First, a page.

-The offensive line was attacked with a blitz heavy game plan by MIA. A lot of extra bodies, a lot of stunts and twists. They, and the backs/tight ends in charge of providing aid, did not respond well. There weren’t any bright spots on the line besides backup Ben Bredeson, who filled in at left guard during the 3rd quarter. He played 30 snaps (just under half) and performed well. I would like to see him more in there. Starter Matt Skura allowed 2 TFL and a pressure during his half of the snaps and offers no upside.
-Nate Solder allowed another 4 pressures and was getting manhandled at the point-of-attack in the running game. Zero push or sustainability led to many of the no-gain rushing attempts. On the other side, Andrew Thomas allowed 1 pressure and 1 sack. A case can be made that Glennon held on to the ball too long on that sack, but Thomas was beat on the play by the rookie Phillips.
-Will Hernandez allowed 2 sacks, both a result of him simply not moving his feet when engaged. We are 57 games into his career, and he still shows zero comprehension of staying home against stunts. Other teams know and exploit it weekly. Billy Price allowed 2 pressures and mightily struggled in the run game.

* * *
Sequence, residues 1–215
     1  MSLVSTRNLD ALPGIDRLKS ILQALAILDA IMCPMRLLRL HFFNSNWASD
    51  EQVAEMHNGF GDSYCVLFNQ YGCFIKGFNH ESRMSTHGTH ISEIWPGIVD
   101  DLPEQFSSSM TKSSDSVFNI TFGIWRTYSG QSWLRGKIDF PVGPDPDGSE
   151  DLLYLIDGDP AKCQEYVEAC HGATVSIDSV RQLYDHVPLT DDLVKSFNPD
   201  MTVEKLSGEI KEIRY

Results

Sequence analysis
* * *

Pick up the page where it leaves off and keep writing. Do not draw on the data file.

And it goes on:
-It was a quiet day from this group overall. I was expecting more because of how much the young MIA offensive line has struggled all year. Even though they have played better over the past month, Leonard Williams and Austin Johnson especially didn’t make their presence known very often. Yes, the quick passing game hurt NYG’s chances of making a difference up front, but the opportunities that did come their way were not exploited.
-Dexter Lawrence led the group in snaps. That hasn’t happened often and I’m not completely sure why that was the case.